Says who?  GDP is supposed to measure the total production and consumption of goods and services in the United States. But the numbers that make up the Gross Domestic Product by and large only capture the monetary transactions we can put a dollar value on. Almost everything else is left out: old growth forests that maintain cooling and act as CO2 repositories, watersheds, animal habitats, e.g. the Everglades, and costs of infrastructure maintenance. But ALL of these count toward  the physical security and welfare of a society. If bridges collapse owing to maintenance failure and hundreds or thousands of drivers are inconvenienced, delayed  - then that has an economic impact!

In addition, there are hundreds of other contributions not registered that arguably have  major economic impacts. For example, a 2015 Forbes article highlighted how 40 million family caregivers in the U.S. are putting their own careers on hold to provide unpaid care — sometimes for decades.   The estimated  total value of the care has been put at nearly $1 trillion. This isn't reckoned into the GDP but IF it were,  the labor productivity cited in the WSJ would surely be much higher in the years since 2007 - maybe even double or (1.2%) x 2  2.4 %. Which would then exceed the rate cited since 1947.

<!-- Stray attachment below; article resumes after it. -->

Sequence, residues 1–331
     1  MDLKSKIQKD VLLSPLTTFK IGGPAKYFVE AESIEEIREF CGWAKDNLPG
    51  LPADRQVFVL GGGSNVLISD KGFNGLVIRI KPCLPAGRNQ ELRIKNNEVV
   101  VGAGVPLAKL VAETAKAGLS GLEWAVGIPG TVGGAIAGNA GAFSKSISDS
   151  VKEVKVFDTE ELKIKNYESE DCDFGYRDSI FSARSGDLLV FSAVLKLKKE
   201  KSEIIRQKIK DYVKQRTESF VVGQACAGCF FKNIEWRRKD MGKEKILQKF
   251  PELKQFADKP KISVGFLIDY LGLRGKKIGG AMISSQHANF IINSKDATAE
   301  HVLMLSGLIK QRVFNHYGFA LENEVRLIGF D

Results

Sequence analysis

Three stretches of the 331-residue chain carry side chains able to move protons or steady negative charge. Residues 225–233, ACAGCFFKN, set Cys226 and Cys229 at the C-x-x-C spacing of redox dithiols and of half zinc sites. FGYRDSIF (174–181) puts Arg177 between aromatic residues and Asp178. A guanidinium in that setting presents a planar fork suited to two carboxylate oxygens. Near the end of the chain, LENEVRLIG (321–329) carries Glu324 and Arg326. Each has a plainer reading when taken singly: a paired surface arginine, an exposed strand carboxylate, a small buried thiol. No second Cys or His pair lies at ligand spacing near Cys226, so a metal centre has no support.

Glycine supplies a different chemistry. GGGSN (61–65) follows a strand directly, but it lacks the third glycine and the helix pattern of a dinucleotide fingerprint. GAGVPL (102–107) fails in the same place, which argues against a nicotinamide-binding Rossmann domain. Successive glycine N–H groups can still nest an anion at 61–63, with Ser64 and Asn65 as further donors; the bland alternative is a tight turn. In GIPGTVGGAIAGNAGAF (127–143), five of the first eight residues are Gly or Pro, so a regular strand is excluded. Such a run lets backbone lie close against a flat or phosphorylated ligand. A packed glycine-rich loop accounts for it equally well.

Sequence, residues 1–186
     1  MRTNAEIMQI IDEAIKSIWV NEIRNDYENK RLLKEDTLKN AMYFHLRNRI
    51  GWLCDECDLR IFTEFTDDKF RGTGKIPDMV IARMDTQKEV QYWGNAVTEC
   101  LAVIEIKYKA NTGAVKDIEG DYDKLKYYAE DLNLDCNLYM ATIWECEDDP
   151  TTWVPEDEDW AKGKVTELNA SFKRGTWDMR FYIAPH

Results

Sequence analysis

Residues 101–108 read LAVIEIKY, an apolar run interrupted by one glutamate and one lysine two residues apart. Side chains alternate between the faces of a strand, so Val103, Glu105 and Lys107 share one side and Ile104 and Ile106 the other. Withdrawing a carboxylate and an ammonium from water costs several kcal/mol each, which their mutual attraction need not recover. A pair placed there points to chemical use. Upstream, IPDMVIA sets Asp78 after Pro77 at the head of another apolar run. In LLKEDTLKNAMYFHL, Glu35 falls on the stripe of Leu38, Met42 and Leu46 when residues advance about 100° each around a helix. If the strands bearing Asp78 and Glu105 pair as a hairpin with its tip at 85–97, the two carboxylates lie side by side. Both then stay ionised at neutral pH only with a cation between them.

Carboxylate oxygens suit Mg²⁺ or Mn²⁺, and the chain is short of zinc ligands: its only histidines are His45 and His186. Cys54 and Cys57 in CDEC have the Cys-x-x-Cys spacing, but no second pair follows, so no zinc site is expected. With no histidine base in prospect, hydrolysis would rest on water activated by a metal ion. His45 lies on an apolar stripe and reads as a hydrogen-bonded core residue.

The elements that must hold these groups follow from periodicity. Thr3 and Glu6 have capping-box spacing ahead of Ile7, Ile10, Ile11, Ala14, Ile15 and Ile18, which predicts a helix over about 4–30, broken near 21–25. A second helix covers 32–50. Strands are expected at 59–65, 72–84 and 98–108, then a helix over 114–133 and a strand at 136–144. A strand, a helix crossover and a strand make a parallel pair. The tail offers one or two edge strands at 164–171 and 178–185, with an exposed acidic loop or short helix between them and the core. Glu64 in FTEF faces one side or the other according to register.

Just saying!

What to use in place of GDP? The Index of Sustainable Economic Welfare which was first proposed by Eco-economist Herman Daly of the University of Maryland. is a prime alternative  Daly's point was that the GDP was too artificial and narrow an indicator of economic health. He argued that if one incorporated all the "externalities" usually dismissed or ignored by standard economic models, people would be more parsimonious in how they consume which would yield a better world.